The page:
Twentieth century correlations between extratropical SST variability and ITCZ shifts.
(Green, B., Marshall, J., and Donohoe, A.), Geophysical Research Letters, 2017.
The Intertropical Convergence Zone (ITCZ) is a global-scale band of tropical precipitation lying, in the annual mean, just north of the equator. Its position can be tied to the atmosphere’s energy balance: the Northern Hemisphere is heated more strongly than the Southern Hemisphere, biasing the atmosphere’s circulation and ITCZ north of the equator. In the context of this energy balance framework, we examine multidecadal connections between variations in the position of the global ITCZ and indices of extratropical sea surface temperature (SST) variability over the twentieth century. We find that the ITCZ and atmospheric circulation are shifted farther to the north during periods when North Atlantic and North Pacific SSTs are anomalously warm. Additionally, a warmer North Atlantic is correlated with a relatively warm Northern Hemisphere atmosphere. Our results suggest an important role for the ocean circulation in modulating ITCZ migrations on decade-and-longer timescales.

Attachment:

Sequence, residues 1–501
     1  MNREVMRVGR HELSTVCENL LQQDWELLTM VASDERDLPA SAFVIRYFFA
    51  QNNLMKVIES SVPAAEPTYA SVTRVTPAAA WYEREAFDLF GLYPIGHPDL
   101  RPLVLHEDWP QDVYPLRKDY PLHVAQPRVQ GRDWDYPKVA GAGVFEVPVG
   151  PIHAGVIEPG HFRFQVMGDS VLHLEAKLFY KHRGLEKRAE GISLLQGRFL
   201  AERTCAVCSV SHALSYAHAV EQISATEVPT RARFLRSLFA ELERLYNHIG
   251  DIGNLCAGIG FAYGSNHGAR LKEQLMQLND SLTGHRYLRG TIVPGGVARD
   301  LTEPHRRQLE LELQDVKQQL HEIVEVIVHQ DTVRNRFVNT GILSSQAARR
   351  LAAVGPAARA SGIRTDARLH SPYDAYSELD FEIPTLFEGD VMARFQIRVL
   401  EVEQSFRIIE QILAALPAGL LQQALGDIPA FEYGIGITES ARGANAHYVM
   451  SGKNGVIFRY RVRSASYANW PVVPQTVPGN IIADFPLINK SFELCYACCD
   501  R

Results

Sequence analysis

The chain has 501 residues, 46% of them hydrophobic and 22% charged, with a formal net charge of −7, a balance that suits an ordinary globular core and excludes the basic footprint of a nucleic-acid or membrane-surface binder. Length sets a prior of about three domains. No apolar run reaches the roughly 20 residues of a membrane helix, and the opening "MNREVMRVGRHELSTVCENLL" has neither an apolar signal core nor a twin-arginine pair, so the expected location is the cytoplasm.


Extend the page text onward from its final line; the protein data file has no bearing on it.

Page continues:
doi = 10.1002/2017GL075044